Inorganic Chemicals and Minerals Analysis

Anderson Materials Evaluation is often faced with the analysis and characterization of inorganic chemicals and minerals.  These may be input ingredients to make other materials, but they are also often directly used in their mineral form or a purified form.  It may be important to measure their degree of hydration overall or just at a surface.  It may be important to measure the bulk or the surface impurities.  Sometimes we examine them to see what the affects of aging or environment are on them.  Minerals or the surface chemistry of an otherwise pure inorganic compound may be very complex.  AME can very often develop even complex, quantitative, multi-phase chemistry in an inorganic material.

These inorganic chemicals or minerals may be used as fill materials for plastics, paints, sealants, adhesives, or other composite materials.  They may be the raw materials for glass making or from which ceramic materials are made.  They may be water filter materials such as sand, diatomaceous earth, or magnesia.  It may be a food additive such as silica, diatomaceous earth, calcium carbonate, sodium metasilicate, sodium metabisulfite, sodium tripolyphosphate, or monocalcium phosphate.  They may be ingredients for concrete, mortar, grout, plaster, or dry wall.  Or they may be a component of a separation column or of a chemical sensor.  The material may be a component of a corrosion resistant primer coating or drying agent.  It may also be a fire retardant such as aluminum trihydrate or antimony oxide.

XPS Analysis:

  • Particle surface chemistry complete with quantitative elemental composition and chemical phase analysis of multiple complex phases, see the example of a complex, 3-chemical phase feldspar
  • Differentiate surface chemistry with interior chemistry by analyzing as-received materials compared to freshly ground particles of material or by argon ion sputtering
  • Great sensitivity to a very thin surface chemistry affecting particle bonding in a polymer matrix or agglomeration control surface treatments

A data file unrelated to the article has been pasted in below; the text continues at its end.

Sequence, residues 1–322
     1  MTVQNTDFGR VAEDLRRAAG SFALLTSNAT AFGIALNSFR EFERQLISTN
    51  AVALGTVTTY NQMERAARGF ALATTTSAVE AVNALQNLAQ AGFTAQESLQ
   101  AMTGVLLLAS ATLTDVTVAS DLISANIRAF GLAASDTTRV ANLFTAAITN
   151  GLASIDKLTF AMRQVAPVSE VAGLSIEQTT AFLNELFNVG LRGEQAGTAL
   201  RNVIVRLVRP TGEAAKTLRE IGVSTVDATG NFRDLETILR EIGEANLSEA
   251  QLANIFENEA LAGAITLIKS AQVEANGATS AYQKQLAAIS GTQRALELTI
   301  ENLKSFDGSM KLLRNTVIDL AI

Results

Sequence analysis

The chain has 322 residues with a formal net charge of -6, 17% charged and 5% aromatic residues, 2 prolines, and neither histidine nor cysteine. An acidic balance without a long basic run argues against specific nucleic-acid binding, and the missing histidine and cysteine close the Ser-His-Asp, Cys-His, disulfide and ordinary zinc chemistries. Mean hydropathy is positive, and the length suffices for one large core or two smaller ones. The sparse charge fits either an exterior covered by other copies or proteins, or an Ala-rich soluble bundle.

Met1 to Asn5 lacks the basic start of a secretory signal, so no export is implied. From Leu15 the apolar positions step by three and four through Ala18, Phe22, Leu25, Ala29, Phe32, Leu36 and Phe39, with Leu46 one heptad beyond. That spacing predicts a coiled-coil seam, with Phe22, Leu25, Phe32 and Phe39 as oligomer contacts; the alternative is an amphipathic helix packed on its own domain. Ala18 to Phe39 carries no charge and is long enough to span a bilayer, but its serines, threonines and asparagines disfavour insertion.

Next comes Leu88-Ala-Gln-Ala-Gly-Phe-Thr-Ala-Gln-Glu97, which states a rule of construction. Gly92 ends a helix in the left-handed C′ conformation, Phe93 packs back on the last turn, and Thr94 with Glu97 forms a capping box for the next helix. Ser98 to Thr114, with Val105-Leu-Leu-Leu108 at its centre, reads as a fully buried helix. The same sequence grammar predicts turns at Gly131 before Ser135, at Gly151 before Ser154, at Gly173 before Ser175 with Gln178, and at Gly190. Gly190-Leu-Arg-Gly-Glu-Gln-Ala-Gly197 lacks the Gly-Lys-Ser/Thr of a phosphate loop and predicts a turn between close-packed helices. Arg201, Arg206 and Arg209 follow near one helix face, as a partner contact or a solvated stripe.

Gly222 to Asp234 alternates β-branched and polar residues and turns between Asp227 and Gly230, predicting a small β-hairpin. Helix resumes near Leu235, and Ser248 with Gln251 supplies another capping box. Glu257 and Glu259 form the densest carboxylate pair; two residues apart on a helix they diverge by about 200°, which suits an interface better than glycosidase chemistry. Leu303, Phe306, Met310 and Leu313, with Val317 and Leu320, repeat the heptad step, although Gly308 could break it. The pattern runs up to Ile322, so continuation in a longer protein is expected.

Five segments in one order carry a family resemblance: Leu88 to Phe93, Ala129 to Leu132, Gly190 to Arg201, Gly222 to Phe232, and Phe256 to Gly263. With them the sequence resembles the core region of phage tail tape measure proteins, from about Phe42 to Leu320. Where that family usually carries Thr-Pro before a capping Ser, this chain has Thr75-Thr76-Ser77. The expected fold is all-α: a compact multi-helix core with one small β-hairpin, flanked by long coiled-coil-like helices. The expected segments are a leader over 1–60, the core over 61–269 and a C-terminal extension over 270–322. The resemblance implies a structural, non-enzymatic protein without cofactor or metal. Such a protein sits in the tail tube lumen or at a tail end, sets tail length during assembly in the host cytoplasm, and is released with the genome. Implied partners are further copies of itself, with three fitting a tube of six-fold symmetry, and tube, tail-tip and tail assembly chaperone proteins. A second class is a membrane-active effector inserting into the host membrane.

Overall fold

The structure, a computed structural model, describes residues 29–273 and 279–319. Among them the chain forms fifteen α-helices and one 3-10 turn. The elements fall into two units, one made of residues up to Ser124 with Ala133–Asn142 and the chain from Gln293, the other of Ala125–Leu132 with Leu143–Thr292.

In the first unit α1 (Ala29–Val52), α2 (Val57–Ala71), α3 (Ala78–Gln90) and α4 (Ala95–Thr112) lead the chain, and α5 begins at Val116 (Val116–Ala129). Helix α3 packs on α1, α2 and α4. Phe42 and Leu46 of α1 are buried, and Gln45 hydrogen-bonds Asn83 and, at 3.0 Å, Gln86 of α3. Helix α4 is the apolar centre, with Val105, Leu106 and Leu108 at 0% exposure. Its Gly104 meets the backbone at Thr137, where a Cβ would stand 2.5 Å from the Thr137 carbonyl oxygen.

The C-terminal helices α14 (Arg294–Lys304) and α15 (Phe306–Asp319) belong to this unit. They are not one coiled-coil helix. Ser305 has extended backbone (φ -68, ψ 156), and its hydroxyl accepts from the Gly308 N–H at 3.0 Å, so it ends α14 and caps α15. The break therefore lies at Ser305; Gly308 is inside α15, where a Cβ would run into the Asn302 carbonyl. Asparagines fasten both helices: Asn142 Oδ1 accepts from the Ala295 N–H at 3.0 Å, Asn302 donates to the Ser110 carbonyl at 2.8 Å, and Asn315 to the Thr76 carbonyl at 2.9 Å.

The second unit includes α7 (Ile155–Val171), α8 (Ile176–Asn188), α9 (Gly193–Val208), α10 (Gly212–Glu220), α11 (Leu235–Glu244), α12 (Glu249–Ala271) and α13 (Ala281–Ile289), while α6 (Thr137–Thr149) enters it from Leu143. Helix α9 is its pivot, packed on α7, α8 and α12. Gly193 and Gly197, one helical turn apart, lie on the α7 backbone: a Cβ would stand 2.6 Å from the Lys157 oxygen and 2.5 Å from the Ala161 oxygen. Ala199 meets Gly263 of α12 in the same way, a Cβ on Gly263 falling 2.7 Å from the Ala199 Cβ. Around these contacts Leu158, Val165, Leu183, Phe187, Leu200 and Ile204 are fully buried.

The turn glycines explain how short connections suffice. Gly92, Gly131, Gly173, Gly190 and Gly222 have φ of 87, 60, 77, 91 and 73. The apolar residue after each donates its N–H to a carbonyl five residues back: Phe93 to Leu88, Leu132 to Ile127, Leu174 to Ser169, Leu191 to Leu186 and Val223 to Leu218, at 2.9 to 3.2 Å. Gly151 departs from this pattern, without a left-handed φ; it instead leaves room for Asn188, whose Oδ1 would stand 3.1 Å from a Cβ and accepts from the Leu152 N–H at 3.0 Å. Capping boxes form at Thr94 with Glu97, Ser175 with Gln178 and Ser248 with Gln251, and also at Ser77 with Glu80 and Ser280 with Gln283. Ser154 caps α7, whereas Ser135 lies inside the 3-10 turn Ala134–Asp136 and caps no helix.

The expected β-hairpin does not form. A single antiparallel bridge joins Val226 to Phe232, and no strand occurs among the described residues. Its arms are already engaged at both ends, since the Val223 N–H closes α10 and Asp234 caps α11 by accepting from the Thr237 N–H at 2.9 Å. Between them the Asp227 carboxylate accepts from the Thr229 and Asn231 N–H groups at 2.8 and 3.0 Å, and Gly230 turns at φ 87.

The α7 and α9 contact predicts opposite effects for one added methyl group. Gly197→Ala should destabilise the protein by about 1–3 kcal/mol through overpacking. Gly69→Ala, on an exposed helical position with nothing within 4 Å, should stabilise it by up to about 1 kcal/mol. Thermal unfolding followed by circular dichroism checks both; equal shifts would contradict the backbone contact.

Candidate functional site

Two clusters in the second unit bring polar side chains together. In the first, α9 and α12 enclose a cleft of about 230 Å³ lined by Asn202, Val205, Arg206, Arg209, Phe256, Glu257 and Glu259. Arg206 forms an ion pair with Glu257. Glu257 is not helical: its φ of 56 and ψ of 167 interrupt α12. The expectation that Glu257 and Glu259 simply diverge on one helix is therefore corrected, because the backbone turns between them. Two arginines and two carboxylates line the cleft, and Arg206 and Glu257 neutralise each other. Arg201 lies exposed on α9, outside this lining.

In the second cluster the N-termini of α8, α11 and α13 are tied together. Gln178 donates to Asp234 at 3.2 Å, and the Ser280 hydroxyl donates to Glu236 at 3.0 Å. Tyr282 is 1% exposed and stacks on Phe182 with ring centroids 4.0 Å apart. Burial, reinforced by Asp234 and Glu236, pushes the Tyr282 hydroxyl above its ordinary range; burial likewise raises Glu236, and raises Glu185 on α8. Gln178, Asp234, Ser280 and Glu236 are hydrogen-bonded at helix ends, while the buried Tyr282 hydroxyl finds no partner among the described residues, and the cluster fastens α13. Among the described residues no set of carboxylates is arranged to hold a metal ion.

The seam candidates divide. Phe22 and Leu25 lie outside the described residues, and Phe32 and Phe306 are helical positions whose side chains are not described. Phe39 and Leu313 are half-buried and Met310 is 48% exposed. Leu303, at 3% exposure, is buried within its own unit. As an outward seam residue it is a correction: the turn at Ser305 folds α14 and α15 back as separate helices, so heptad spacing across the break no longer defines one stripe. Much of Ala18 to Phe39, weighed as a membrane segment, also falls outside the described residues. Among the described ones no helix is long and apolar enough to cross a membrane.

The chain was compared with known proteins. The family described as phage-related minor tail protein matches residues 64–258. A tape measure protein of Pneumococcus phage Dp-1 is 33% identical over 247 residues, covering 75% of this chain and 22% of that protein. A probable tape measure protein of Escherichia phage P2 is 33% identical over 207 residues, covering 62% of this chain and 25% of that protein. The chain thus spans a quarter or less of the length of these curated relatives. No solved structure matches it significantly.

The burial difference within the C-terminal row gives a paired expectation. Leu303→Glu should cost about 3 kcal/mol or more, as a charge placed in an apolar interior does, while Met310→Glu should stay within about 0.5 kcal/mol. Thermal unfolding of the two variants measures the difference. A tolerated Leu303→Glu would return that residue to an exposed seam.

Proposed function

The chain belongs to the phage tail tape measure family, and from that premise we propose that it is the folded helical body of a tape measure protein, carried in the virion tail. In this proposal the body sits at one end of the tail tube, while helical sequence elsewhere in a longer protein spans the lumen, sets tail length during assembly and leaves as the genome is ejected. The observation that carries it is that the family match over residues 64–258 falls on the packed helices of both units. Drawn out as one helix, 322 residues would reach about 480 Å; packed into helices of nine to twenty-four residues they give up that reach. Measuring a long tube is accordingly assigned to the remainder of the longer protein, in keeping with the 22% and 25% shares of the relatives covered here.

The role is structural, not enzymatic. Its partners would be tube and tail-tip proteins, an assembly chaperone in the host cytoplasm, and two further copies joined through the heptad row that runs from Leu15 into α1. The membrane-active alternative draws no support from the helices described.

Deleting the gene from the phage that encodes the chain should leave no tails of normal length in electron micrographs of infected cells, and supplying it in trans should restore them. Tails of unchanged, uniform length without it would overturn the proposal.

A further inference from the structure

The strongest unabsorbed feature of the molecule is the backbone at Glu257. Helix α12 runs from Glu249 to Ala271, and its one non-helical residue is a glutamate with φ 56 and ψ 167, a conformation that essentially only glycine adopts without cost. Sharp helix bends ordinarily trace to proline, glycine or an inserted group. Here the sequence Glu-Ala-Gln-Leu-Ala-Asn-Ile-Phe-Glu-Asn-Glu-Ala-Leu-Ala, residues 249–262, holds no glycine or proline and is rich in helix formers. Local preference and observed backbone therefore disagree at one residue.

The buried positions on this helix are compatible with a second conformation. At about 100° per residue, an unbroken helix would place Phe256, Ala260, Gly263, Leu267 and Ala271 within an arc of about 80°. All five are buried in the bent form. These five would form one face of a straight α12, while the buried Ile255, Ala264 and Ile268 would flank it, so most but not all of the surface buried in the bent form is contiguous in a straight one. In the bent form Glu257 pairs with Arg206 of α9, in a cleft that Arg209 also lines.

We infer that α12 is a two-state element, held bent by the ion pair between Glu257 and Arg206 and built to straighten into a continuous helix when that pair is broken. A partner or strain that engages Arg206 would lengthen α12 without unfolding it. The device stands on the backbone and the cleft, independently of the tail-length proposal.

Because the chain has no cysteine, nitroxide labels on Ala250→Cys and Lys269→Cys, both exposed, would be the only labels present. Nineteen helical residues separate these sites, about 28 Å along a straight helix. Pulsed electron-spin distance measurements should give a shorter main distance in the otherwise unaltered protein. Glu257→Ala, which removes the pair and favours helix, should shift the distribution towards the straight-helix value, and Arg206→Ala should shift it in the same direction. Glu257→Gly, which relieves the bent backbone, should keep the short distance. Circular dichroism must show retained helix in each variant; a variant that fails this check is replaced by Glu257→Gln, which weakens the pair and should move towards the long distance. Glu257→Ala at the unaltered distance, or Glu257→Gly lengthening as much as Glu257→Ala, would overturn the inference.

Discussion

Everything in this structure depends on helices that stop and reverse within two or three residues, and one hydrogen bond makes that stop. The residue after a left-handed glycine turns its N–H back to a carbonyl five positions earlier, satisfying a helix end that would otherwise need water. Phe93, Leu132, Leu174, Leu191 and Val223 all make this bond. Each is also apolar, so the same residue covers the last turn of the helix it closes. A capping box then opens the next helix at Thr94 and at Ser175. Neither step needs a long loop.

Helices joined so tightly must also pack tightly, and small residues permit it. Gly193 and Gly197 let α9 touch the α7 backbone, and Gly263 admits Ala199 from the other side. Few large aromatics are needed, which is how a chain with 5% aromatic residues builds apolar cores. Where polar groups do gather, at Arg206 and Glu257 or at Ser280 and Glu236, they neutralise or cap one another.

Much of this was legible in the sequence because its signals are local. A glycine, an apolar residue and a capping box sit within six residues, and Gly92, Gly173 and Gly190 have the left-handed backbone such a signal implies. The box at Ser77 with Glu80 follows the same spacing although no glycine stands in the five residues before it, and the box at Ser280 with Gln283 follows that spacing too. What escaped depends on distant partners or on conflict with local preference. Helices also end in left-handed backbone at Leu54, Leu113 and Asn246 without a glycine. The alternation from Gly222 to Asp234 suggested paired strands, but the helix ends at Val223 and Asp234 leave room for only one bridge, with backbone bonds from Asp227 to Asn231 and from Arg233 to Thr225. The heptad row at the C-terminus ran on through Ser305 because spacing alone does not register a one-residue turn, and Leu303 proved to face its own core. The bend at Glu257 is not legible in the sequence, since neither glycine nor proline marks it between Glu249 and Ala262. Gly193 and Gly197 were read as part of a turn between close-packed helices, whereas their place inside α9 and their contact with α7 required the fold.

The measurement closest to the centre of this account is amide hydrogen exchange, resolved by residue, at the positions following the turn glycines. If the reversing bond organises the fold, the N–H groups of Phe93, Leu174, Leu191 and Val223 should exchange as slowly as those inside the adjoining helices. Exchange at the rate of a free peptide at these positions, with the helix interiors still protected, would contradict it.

• Used to determine and measure the degree of surface hydration
  • Sometimes used to examine fill materials added to polymers following burn-off of the resin by TGA or other means

Themogravimetry or TGA Analysis:

  • Determine decomposition temperature
  • Determine weight loss, which provides the amount of decomposing material, measuring loss of water from hydrated materials or carbon dioxide from a carbonate, for instance
  • Impurity detection and measurement
  • Measure absorbed water or other solvent weight
  • Determine the composition of some thermally decomposable materials such as the amount of silver carbonate in a silver oxide

Differential Scanning Calorimetry or DSC Analysis:

  • Determine melting temperature and heat of fusion
  • Determine energy and temperature of reaction between an inorganic material and another material
  • Impurity detection and measurement by measuring the latent heat of melting or looking for an internal reaction upon heating
  • Measure energy to desorb water or to decompose
  • Measure temperature of a phase transition

Thermomechanical or TMA Analysis:

  • Determine CTE or thermal expansion of materials in plate or cylindrical forms
  • Determine temperature of a phase change

SEM/EDX Analysis:

  • Determine surface morphology and shapes of particles
  • Determine particle sizes
  • Map the distribution of elements or examine a particle or area for its elemental composition for carbon and heavier elements

FTIR Analysis:

  • Offers quick determination of whether carbonates, phosphates, nitrates, nitrites, numerous minerals, or water are present with relative quantitative measurement
  • Measures organic surface coatings and treatments to a 1 to 2 μm depth
  • Detect variations in an organic coating thickness over a different organic substrate material

Optical Microscopy:

  • Determine the size and shape of particles
  • Use color differences to indicate different chemical phases and their locations
  • Select typical or atypical areas for further analysis by other techniques
  • Document the microscopic appearance associated with a spectrum obtained by another analytical technique


  • Measure corrosion rates of soluble salts on metals and metal alloys

ASTM Test Methods:

  • ASTM E793 – Standard Test Method for Enthalpies of Fusion and Crystallization by Differential Scanning Calorimetry
  • ASTM E794 – Standard Test Method for Melting and Crystallization Temperatures by Thermal Analysis
  • ASTM E1131 – Standard Test Method for Compositional Analysis by Thermogravimetry